Not too long before we got married, friends of ours asked Michael to officiate their own ceremony. Since performing a wedding was on his bucket list, he jumped right on it. He found a site online where he could be ordained, signed up, printed out his certificate and ta da! He was official and ready to marry the lovely couple.
In addition to marrying folks, as a newly ordained minister with American Marriage Ministries, Michael is also able to perform baptisms and even funerals. But what’s really crazy to me, they say he can perform marriage counseling.
Yes, you read that right. Someone with no training in any type of counseling whatsoever can offer it to couples by going online and basically printing out a certificate.
“But I took a test!” Michael protested.
“Really. A test. How many questions were on this test?” I asked, narrowing my eyes at him.
“Three. Three very important questions.”
“Did these questions have anything to do with what makes a good marriage, how to counsel people or even something about communication?” I asked.
“Um, noooo. They were just three very important questions.”
Right. So thanks to the online church of Crazy Marriage Ministries, now I’m stuck with a husband who thinks he can give marriage counseling. And not only that, he thinks he should be able to give it to me.
It’s become his new favorite game, in fact.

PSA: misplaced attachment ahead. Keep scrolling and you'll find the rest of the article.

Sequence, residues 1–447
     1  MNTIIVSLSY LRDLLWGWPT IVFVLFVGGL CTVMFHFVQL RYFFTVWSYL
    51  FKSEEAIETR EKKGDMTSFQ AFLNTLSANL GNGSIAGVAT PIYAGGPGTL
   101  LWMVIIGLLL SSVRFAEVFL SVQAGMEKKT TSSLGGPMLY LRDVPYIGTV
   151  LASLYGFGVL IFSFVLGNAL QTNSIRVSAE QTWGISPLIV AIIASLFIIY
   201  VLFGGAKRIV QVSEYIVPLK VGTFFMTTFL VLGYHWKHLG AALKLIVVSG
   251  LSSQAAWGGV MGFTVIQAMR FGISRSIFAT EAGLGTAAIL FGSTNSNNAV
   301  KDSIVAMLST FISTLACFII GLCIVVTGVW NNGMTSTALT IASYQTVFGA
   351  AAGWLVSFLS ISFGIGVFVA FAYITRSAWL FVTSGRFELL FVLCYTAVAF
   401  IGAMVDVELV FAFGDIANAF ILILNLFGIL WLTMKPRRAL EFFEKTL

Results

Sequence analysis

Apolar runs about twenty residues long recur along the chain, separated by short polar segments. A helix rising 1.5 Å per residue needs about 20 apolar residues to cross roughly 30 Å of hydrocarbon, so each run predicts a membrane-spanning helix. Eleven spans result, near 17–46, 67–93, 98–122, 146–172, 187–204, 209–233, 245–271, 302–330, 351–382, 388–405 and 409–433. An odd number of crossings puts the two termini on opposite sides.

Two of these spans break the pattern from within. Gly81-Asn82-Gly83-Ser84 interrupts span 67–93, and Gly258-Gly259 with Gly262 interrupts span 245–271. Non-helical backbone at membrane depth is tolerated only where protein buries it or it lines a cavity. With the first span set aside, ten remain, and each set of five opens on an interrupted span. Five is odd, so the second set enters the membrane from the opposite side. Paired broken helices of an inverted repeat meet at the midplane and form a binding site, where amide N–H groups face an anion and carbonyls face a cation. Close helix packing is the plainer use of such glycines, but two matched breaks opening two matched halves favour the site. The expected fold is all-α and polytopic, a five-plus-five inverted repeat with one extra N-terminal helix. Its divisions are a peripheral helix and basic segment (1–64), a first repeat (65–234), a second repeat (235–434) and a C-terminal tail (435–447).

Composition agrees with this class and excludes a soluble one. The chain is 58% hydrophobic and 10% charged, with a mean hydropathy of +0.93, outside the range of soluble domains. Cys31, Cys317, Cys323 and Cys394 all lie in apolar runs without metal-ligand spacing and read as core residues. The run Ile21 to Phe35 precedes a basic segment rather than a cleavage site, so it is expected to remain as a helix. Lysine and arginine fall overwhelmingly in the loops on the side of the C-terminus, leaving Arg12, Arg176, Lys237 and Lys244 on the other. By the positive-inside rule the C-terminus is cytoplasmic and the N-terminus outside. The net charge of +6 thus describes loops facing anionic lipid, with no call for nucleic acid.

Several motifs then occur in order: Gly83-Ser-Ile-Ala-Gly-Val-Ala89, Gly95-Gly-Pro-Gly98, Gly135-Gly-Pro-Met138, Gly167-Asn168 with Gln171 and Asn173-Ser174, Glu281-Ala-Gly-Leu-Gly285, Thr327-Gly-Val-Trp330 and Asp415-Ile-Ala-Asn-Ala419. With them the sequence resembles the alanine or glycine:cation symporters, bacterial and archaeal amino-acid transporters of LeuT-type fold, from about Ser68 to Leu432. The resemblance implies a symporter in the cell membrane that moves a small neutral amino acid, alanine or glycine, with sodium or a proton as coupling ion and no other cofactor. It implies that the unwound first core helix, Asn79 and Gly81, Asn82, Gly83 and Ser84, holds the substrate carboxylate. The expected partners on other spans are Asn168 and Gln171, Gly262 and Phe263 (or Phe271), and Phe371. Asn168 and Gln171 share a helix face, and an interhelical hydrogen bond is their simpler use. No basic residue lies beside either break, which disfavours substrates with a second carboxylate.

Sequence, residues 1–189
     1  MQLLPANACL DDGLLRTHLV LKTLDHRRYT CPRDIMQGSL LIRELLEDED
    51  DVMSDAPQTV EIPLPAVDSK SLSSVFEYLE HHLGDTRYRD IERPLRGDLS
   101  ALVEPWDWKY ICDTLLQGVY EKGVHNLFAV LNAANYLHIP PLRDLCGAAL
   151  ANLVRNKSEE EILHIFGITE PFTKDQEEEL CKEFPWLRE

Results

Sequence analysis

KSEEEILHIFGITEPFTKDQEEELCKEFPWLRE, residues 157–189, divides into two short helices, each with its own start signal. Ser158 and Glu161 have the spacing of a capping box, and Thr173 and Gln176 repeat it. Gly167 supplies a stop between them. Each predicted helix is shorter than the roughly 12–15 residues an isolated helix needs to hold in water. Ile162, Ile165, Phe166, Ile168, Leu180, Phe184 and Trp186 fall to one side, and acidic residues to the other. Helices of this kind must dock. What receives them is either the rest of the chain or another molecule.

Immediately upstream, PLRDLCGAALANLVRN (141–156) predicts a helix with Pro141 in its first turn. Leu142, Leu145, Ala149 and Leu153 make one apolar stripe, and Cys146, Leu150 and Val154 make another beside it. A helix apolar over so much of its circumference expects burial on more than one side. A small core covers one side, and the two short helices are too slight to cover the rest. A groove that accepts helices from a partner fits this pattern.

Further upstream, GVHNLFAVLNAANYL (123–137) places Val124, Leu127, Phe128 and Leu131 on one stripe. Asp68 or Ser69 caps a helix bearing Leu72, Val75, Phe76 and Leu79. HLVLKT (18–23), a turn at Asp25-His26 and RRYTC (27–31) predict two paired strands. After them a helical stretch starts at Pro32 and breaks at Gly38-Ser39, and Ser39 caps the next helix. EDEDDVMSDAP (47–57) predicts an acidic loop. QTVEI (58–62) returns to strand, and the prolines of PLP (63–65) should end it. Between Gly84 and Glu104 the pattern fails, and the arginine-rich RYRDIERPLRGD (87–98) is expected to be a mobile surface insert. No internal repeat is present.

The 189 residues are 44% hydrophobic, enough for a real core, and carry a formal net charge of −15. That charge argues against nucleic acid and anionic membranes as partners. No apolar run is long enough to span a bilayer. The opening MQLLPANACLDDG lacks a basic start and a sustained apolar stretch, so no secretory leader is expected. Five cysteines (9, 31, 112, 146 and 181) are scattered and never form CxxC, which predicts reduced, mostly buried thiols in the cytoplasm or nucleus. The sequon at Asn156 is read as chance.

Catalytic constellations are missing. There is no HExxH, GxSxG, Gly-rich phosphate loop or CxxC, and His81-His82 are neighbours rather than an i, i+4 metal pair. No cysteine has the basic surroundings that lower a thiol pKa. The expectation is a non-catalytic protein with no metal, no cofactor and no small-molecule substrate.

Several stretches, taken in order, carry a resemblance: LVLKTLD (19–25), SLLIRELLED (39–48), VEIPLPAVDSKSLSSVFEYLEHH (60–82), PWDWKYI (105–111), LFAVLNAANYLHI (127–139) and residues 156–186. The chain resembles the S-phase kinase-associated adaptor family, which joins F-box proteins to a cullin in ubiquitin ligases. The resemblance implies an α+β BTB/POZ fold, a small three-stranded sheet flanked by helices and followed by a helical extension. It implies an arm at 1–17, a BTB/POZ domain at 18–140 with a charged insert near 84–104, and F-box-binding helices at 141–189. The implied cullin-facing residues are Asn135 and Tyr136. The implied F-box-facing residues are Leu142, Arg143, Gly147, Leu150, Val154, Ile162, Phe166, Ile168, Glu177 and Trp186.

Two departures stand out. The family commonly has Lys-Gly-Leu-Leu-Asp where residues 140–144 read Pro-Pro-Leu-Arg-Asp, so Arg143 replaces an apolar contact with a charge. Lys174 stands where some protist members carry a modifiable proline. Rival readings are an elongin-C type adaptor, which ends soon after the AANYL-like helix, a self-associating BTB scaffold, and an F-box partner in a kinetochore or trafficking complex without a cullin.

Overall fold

Don’t get me wrong, I was extremely proud the day he performed his first wedding. He put his heart into it and did such a great job. And I was proud again the second time, when he married other friends of ours. He’s amazing, my husband.
But this marriage counseling shtick has gotten a little ripe.
Michael is still having fun, though, of course. I knew I was in for it when I caught the mischievous gleam in his eye as he chastised me for not showing up in his office for any of the counseling appointments he’d ‘made’ for me.
“Looks like you don’t want to make this relationship great again,” Michael said, as he slowly shook his head.
“Enough with the Donald Trump stuff. That got old from you in January.”
“What?” he raised his hands. “I’m just trying to be helpful. I mean, we voted on this! I get to be in charge so I can make our relationship great again.”
“When did we vote on this exactly? Because I would never have voted for you to be in charge.”
“Well, that’s because you only get one vote, but I get two.”
“Why in the world do you get two votes?” I stupidly asked.
“Because I’m an ordained minister which means I’m a marriage expert, so I get two votes. Duh.”
“You aren’t a marriage expert! You printed out a piece of paper.”
“A piece of paper that says I can do marriage counseling,” he said, one side of his mouth rising in what I’m pretty sure was a poorly-hid smirk.
“Enough,” I clipped. “We’re all done with this. You don’t get two votes and you aren’t in charge.”
“See! You’re being really hateful and that’s why you need marriage counseling.”
“You. Are not. Giving me. Marriage. Counseling,” I said, poking his chest.
He opened his eyes wide, “But, honey, I just want to make our relationship…”
“Don’t say it!”
“Wow, she’s so hateful,” he said to the dog.